When James Cameron and his crew set out to make The Terminator in the early 1980’s, I’m sure they hoped it would be a success, but they probably never imagined it would become a blockbuster franchise and an American movie icon. And though most people can quote a line from the movies or ID Arnold Schwarzenegger in a TV parody, I’d bet that less than half of those people have actually seen the original movie and that’s a shame.
On the upside, The Terminator is the one that set up the premise, and thus is required viewing in my book. As Sarah Connor, Linda Hamilton is average in T1 and I mean that in a good way. You feel for her because you understand her. She’s not the buffed out, gun-toting mama we see later on, she’s a normal, hard-working single girl who gets pulled into a nightmare through no fault of her own.
The action sequences are gripping and the final battle with the skeletonized Terminator still holds up today. Schwarzenegger, who is the bad guy in the first outing, is dull and cold and just mechanical enough to believe he’s not human. A formidable force, he takes licking after licking and keeps on kicking.
The downside of T1 is the 80’s. The hair, the clothes, the styling of the film, it’s very distracting in spots and really dates the movie in a bad way. Luckily, Cameron insisted on using a thrumming, techno score instead of going with popular music of the era. A score that is so intentionally grating, it adds to the tension you feel as you watch the film.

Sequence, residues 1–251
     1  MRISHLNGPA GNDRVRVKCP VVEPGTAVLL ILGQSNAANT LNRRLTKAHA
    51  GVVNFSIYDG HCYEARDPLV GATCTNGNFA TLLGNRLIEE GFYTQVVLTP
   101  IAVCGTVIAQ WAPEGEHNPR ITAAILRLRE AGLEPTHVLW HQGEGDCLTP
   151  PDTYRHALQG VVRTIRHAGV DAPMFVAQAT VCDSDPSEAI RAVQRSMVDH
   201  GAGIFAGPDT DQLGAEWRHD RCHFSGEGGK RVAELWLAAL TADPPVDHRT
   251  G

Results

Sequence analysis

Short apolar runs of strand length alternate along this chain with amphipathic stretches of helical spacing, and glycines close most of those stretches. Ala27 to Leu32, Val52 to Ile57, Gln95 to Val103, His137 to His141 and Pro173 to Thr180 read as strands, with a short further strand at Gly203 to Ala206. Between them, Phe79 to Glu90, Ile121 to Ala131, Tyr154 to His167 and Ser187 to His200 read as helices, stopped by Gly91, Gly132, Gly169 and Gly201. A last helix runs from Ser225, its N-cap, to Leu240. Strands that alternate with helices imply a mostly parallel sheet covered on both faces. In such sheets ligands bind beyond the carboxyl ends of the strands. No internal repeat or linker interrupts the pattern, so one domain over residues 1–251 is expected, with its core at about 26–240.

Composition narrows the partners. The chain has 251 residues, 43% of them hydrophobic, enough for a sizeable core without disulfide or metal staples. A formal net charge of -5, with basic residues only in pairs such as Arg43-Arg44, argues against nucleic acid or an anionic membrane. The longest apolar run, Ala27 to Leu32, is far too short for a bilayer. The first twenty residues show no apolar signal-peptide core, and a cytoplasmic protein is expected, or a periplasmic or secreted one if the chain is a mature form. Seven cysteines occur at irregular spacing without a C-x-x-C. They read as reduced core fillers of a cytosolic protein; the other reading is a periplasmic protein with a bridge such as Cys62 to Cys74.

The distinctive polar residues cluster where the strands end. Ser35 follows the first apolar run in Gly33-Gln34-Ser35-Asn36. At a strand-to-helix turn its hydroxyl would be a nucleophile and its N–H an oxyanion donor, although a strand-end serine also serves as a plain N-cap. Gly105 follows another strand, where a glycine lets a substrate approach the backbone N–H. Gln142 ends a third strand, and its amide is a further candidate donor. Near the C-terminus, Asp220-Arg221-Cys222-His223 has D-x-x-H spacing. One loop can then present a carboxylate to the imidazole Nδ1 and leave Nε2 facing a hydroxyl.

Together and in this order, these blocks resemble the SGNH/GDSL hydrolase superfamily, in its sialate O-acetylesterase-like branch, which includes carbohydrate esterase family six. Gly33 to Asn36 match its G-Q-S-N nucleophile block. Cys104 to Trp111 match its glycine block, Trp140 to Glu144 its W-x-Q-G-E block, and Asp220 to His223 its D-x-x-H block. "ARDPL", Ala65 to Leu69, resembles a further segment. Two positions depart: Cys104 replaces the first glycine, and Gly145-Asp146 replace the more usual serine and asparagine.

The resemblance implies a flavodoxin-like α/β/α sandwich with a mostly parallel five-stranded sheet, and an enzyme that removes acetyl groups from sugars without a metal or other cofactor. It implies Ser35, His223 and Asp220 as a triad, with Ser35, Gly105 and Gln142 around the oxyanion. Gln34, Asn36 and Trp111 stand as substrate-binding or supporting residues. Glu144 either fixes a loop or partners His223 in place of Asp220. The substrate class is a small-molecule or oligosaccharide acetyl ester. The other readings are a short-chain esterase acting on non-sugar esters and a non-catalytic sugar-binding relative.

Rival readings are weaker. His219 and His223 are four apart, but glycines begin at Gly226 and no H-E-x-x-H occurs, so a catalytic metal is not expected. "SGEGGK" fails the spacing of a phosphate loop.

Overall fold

The other downside is the film’s structure. It slows down considerably in the middle and the dialogue isn’t as snappy and clever as it is in T2.
Turning to this new (May 10, 2011) release of The Terminator on Blu-Ray, it’s all about the packaging. Instead of a traditional plastic DVD case, the disc is housed in a pocket in the back of a small, hardbound book. In 24 pages, they give you a short history of how the movie came to be, single page bios on the leads and Terminator trivia. There are a few behind-the-scenes photos, but mostly the photos are shots from the film.
Unfortunately, MGM made no effort to clean up the picture on this film and it’s not worthy of being called Blu-ray. The quality is much better than the direct from VHS retrospective that’s included, but nowhere near as good as it deserves to be. On the other hand, the sound is insane. We have a simple dual speaker set up and were blown away by the depth of the effects sounds on the uncompressed PCM 5.1 setting. The dialogue suffers some and was better at the regular 5.1 setting but it was fun to feel the ottoman shake when the heavy machinery rolled by Reese and his pals.
The special features are the same ones from previous releases. 7 Deleted Scenes, “Creating The Terminator: Visual Effects & Music” and “Terminator: A Retrospective.” All great features if you haven’t seen them.
Bottom line is, if you already own the movie, don’t bother upgrading. But, if you’re giving the movie as a gift (Father’s Day!) to someone who doesn’t have it on Blu-ray, the book packaging is nice bonus.
You can pick up The Terminator: Blu-Ray Book Edition on Amazon for around $20.00.